The government will need to work with universities and higher education providers to tackle the negative impacts that the cost of living crisis is having on students. On top of the tuition fees, students now have the added stress of the cost of living rising, which 47% of postgraduates have deemed more concerning. Studies show 92% of undergraduates are concerned about the cost of living rising and more than half are worried about the financial impact it could have on their parents. It has led to an astonishing 37% of students looking for universities offering bursaries or scholarships despite 41% not expected to be eligible. 48% of students worry about financial impact on their parents as well as being concerned about choosing a university in a high cost of living area. It has been said that the cost of living crisis is now also becoming a cost of learning crisis.
One third of students are now living on less than £50 a month disposable income which has led to 11% of students turning to food banks, a huge increase from the 5% in January 2022. There is a lot of evidence to suggest that poor student mental health is linked to financial stress, which can result in a poor quality of learning. The main concern when applying to university used to be how welcoming or prestigious it was, but now students are considering how high of a cost the area they will be living in is. Students should be able to focus on their education but are being forced to devote their time to making money where they can and trying to survive. It has also had a domino effect on the families and friends of students, who they turn to in desperation.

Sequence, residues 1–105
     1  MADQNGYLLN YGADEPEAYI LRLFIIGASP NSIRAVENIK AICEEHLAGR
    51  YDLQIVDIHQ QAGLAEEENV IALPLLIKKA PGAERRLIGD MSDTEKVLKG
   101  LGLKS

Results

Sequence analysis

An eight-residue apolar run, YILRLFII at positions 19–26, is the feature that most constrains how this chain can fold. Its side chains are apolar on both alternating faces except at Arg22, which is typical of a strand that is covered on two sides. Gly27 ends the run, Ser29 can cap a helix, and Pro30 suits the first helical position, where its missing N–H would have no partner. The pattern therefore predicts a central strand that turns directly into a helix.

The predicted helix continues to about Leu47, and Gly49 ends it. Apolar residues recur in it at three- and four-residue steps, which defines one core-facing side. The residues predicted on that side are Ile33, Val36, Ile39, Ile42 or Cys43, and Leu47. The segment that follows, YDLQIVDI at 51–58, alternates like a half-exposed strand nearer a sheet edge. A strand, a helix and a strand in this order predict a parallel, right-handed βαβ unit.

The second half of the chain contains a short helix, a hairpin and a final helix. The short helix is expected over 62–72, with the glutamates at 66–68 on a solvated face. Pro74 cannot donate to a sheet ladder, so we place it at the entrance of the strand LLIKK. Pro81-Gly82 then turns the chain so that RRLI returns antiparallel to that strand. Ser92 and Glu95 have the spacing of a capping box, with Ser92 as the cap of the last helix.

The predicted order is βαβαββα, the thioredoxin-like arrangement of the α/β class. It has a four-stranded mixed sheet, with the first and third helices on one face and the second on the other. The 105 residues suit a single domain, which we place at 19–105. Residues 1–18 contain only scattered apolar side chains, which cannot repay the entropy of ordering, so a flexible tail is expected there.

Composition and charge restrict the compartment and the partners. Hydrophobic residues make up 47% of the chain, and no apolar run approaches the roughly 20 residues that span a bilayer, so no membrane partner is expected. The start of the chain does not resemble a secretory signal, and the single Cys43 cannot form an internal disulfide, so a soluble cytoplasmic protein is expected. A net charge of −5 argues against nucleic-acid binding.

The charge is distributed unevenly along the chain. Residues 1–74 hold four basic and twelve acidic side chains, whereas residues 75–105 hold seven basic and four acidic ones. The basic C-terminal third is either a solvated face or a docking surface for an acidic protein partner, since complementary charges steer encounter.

We can see that this crisis is particularly hitting the South East of England and is especially a problem in and around London.
The national union of students have set out a cost of living policy proposal, making recommendations to the government, after an NUS spokesperson claimed “Huge increases to the price of bills, food and living costs coupled with soaring rent has students on the brink.” These proposals include tying student maintenance support with inflation and stress testing all cost of living support schemes to ensure they work for students. Students are asking universities and higher education providers to recognize the cost of living crisis and begin to take action. For example, including cost essentials such as uniforms and equipment within tuition fees would be a great start to make a difference for students attending university in the current cost of living crisis.
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